Thursday, November 11, 2010

MGS: Peace Walker, XBLA's UnderGarden & Faery, and the new Sherlock  


Games: Been spending some more time with Metal Gear Solid: Peace Walker on PSP. Like I said in the last post, it got off to a slow start but it's really been picking up. After putting a few more hours into it and getting past the fifth boss, I think what I like most is that it's both stripped down (the tactical stealth action) and complex (the Outer Heaven sections) at the same time.

Sneaking through the various levels has kind of a “classic MGS” feeling to it, and reminds me of playing the earlier games on PS2. I really didn't care for MGS4 at all (you can see my Second Opinion, if you haven't already) so this comes off to me like a smart and very welcome return to form.

(…Oh, and before some of you try to call me on liking PS2-style MGS in Peace Walker and disliking it in MGS4, the difference is that I expect a hell of a lot more done with a game when it's running on a powerful piece of hardware like the PS3.)

Anyway, on top of the enjoyably stealthy action, what’s really fascinating is that Peace Walker strikes me as a combination of MGS and Capcom’s Monster Hunter. Totally apart from the crossover guest appearances (which are themselves extremely telling) the design of the peripheral content in both games have tons of similarities. Grinding for experience, harvesting resources, developing better equipment… very, very similar stuff.

It makes a brilliant kind of sense when you consider that the MH franchise is one of the most popular in Japan, and in my view, trying to capitalize on it can be seen as a smart move, though I may be a bit biased since I already enjoy both Monster Hunter and MGS. Either way, Peace Walker is hitting all the right notes for me, and rekindling a love for the series that I felt sure MGS4 had killed forever.


Games: A very interesting pair of demos hit Microsoft’s Xbox Live Arcade service today: The UnderGarden and Faery.

The UnderGarden seems as though it's definitely going for the esoteric art-house vibe, and that's not necessarily a bad thing.

The UnderGarden

The player controls a creature that looks a bit like a miniature TeleTubby and flies around through 2D levels solving environmental puzzles as flowers sprout and lights glow. To tell the truth, it's all a bit surreal and hallucinogenic... but in a good way.

Faery is another game with heavy emphasis on visual style. After getting past the welcome screen, the player customizes a winged character that can be altered to a surprising degree for an Arcade title.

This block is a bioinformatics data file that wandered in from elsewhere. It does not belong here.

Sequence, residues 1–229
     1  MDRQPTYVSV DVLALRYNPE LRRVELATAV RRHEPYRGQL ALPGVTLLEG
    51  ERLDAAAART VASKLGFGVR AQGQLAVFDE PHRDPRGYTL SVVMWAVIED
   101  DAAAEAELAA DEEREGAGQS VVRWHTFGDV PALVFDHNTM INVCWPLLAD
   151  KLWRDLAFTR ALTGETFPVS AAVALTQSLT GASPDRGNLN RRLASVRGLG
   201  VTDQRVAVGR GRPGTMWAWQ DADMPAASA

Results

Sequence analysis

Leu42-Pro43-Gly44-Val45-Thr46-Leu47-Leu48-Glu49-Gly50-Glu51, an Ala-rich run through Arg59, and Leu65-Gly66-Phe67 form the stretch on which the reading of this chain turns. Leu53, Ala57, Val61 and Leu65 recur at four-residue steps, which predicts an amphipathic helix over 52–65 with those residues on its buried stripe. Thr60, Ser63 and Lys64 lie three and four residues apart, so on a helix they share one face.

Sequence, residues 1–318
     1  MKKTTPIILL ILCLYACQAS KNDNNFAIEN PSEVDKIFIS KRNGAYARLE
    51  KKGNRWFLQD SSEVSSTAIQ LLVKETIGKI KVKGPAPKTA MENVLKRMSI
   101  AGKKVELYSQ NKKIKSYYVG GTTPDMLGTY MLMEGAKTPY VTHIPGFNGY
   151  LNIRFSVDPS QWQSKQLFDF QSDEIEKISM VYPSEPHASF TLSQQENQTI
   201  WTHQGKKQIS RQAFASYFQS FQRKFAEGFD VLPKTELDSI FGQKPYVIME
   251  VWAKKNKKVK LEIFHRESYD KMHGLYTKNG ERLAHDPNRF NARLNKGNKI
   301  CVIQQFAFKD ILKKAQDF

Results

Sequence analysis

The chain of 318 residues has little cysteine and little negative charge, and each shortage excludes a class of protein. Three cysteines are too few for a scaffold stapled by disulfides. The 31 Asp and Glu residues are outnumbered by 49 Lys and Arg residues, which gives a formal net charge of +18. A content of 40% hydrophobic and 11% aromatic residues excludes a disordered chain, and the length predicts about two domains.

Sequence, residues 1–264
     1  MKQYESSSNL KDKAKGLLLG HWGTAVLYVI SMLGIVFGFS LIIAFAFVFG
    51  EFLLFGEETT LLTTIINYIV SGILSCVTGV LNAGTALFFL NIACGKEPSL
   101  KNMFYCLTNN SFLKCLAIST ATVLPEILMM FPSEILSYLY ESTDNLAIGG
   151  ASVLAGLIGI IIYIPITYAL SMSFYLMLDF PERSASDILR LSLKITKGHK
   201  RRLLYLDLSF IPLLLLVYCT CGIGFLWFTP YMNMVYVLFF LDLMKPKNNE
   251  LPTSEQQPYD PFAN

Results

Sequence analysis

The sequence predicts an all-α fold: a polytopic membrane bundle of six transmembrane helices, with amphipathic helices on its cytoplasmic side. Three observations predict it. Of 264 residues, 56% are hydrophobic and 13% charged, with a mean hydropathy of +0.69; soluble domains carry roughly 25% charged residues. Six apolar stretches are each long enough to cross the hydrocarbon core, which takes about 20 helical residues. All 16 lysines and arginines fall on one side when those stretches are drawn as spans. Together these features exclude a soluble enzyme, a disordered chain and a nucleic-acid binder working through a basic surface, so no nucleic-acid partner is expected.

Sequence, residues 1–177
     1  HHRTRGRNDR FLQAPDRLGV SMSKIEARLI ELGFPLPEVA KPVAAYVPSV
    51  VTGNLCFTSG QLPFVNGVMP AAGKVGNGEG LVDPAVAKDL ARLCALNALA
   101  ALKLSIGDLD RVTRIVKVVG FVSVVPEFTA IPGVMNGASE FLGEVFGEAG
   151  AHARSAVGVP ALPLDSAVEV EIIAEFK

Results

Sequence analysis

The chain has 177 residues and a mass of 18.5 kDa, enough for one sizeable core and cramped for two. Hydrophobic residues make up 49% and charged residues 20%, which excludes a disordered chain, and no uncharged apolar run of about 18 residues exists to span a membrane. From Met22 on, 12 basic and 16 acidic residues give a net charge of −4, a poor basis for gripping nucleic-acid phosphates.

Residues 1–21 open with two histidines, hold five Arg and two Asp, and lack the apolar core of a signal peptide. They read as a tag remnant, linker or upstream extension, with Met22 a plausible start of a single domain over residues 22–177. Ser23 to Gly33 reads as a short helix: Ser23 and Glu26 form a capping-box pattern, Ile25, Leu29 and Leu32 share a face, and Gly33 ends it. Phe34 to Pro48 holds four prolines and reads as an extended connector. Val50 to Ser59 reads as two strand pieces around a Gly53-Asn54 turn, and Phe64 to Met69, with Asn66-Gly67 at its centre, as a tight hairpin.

After creation, players are free to fly around an island environment complete with villagers to talk to and places to check out. Combat seems like fairly straightforward turn-based RPG fare, but the setting is certainly unique and I was very intrigued by options in the menu to further change up the player’s appearance and abilities.

Slightly eccentric projects like these are right up my alley, so they've both been earmarked for further investigation. If you've got some feedback on either one, post a comment and let me know.


TV: British programming has been dominating my family’s viewing time lately. In addition to plowing through the new Dr. Who on a regular basis, the wife and I recently watched the new Sherlock reboot (downloaded for free from PBS here) and we loved it.

This modern-day take on the classic detective has Sherlock as a hyperactive sociopathic detective who only lives for mental challenge, while Watson is an Afghanistan war vet who craves the adrenaline rush of living on the edge. The two seem to clash more often than they get along, but it's a terrific match-up and an invigorating vision – Sherlock’s pipe has been traded in for nicotine patches, and he sports an iPhone in lieu of the iconic Deerstalker cap.

The first episode (of three, they’re about 90 minutes each) was utterly fantastic, and did a great job of setting the stage and introducing the characters. The mystery of the episode was also quite interesting, and kept us engaged from start to finish.

The second episode wasn't terrible, but it wasn't up to the standard of the first. Including a lot of Asian/Eastern cliché elements that were utter crap, I felt like certain parts of it were bordering on stereotypical farce. The actors did a fine enough job, but the writers should be a bit embarrassed.

The last episode regained its stride, and was nearly as enjoyable as the first. It's in this segment that we finally meet Sherlock’s re-imagined nemesis, Moriarty, and see how such an evil genius was reinterpreted for today's audience. (And please, don't tell me that mentioning Moriarty is a spoiler -- these characters have been around for over a hundred years!)

I can't say that I've ever been a huge fan of the detective, but in this new take using forensic science, text messaging and some interesting visual information presented onscreen was time well-spent on the couch to be sure. Very much looking forward to the next installments of the series.


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1 comments: to “ MGS: Peace Walker, XBLA's UnderGarden & Faery, and the new Sherlock


    I'll be interested to hear how you feel about the MH/RPG elements of Peace Walker over time. It's not bad at first, but in my opinion the grinding eventually gets a bit ridiculous, not necessarily in how long it takes, but in how meaningless it makes actual strategic decision-making that used to be one of the hallmarks of the series. After a point it becomes about how many missiles/rations you have and virtually nothing else.